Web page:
Mayor Bloomberg recently announced another round of major changes to the New York City education system, proposing that the City fund students directly rather than through schools.
"Weighted student funding" may be the latest fad in education reform, but it is a welcome step in the right direction: decentralizing power in education. Bloomberg should follow his logic where it leads and use education tax credits to put all the power back in the hands of the parents.
In the current funding system, the City's centralized education bureaucracy uses impenetrable formulas to allocate funds to schools for rigidly defined uses. The Mayor intends to loosen the reins and let education dollars follow each student to her school, in an amount based on her needs. Critics attack the plan and supporters praise it as a "backdoor voucher," and in some ways it is just that, but it still keeps everyone in a government-run system.
So what happens when the best schools are all booked up? Weighted student funding doesn't open up seats at good schools. What happens if a child needs the direction and moral education that a religious school offers? Weighted student funding doesn't give parents that option.
Only school choice puts parents in charge of their children's futures, so naturally, supporters hope this shift in funding opens the door to a voucher program that allows parents to send their children to religious and independent schools.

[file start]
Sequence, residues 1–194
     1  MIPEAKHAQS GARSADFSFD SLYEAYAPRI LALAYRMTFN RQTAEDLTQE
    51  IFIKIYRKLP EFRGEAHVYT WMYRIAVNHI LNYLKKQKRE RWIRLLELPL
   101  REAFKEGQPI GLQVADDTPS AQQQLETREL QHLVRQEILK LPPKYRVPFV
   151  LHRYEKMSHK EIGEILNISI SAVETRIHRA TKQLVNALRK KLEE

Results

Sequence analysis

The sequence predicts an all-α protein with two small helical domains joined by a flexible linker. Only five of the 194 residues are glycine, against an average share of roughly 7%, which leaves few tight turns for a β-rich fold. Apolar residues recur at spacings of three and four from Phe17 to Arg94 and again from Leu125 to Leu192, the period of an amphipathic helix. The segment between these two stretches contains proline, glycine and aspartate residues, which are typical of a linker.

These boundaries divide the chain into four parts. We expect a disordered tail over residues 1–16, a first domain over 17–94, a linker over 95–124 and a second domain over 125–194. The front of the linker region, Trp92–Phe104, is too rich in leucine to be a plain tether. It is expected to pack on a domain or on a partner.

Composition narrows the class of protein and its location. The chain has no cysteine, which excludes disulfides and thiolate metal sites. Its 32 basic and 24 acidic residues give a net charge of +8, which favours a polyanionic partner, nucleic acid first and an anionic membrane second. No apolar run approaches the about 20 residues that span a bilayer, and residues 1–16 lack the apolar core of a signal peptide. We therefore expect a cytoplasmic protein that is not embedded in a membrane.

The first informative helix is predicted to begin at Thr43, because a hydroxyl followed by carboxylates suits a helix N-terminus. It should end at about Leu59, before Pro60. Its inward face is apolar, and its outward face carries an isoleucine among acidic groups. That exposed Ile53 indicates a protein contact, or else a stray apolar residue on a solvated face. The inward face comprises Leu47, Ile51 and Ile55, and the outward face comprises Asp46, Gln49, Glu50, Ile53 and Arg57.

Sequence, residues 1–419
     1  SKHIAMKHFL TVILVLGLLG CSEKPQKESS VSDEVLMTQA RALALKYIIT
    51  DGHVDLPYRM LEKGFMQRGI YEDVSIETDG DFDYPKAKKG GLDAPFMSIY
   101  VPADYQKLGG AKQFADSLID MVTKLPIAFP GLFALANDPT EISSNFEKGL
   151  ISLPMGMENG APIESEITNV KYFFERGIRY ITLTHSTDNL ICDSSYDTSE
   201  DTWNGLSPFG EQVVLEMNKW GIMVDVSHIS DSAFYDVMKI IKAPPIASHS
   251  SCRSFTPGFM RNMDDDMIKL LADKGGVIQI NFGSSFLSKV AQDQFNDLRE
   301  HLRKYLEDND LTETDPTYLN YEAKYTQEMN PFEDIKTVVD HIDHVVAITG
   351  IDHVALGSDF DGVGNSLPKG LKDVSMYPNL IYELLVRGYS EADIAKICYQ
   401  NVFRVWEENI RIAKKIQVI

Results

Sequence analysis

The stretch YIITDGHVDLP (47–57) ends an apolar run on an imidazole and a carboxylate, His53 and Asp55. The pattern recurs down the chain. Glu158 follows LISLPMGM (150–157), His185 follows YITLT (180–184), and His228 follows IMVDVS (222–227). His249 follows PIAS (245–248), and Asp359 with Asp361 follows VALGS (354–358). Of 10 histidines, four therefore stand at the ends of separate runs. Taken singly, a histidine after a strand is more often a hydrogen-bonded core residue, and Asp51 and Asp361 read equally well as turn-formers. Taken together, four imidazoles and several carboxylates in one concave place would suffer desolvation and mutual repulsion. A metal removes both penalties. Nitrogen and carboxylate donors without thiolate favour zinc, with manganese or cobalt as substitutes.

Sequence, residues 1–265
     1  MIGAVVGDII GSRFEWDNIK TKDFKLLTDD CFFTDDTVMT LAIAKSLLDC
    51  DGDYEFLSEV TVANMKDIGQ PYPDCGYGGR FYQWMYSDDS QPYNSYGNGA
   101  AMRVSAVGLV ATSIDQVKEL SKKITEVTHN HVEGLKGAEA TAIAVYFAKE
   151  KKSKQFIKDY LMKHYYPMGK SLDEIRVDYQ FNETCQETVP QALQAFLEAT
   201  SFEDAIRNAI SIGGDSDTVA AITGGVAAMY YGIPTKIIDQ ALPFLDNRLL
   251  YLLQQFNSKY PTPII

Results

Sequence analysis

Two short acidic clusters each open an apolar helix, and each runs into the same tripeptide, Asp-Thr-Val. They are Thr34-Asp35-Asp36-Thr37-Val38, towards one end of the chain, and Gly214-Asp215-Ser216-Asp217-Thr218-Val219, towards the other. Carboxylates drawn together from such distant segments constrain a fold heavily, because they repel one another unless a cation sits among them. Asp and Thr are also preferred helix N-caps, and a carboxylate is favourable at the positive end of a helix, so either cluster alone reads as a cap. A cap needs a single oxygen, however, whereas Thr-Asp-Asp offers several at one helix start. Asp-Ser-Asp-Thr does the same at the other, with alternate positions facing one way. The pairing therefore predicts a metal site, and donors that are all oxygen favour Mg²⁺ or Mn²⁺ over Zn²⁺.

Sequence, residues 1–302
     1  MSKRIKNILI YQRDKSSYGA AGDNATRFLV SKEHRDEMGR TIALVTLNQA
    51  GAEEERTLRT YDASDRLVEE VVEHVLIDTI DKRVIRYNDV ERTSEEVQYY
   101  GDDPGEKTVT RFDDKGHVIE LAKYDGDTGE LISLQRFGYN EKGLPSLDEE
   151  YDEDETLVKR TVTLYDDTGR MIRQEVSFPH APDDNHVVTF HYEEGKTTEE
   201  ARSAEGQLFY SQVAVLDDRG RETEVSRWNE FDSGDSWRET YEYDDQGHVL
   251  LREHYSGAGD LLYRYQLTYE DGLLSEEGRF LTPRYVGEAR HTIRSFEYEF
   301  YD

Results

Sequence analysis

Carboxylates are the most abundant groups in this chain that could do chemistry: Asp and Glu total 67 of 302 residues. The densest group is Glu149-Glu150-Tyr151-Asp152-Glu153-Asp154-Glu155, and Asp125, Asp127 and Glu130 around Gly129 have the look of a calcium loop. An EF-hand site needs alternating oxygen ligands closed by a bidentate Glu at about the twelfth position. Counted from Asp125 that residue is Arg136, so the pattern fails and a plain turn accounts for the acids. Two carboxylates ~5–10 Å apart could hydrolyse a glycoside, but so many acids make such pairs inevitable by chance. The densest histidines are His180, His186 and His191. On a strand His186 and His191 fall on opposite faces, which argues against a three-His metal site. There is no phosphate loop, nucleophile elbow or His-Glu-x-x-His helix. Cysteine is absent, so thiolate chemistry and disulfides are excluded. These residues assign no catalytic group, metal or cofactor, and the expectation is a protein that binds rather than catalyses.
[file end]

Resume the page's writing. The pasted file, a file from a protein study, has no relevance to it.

Unfortunately for New Yorkers, a voucher program is likely to run into a heap of legal trouble because the state constitution explicitly bans any government funds from being used at religious institutions. The Blaine Amendment, so named for 19th century House Speaker James G. Blaine, isn't always a death sentence for vouchers, but it will surely scare some supporters away and give cover to many others. Since education tax credits are private money, not public funds, they don't run afoul of state constitutional restrictions like vouchers might.
That's one reason why former Governor Pataki proposed an education tax credit for New York State instead, and one reason why tax credits are the best reform for education in New York City. That may also be one reason why other politicians, like Governor Spitzer, oppose vouchers but support education tax credits. Tax credits are a great way to give parents power to choose the best school for their child without being overruled by the courts.
Education tax credits let taxpayers take a dollar-for-dollar credit on donations to scholarship organizations that help lower-income families pay for any school that works for their child. That means if a business owes the city $10,000 in taxes and donates $8,000 to a scholarship organization, they pay only $2,000 in taxes. Individual taxpayers can also take tax credits for their donations and for education expenses such as tuition or textbooks for their own children. If a father owes $500 in taxes and spends more than $500 in tuition, he pays no taxes that year.
Although education tax credits would be great for all of New York, New York City is particularly suited to them because of its painfully high corporate and individual income tax rates.
Mayor Bloomberg has pointed the City in the right direction, but directly funding students will only do so much if they remain shackled to a restrictive system of government-run schools. For true reform, the Mayor should support education tax credits and empower parents entirely.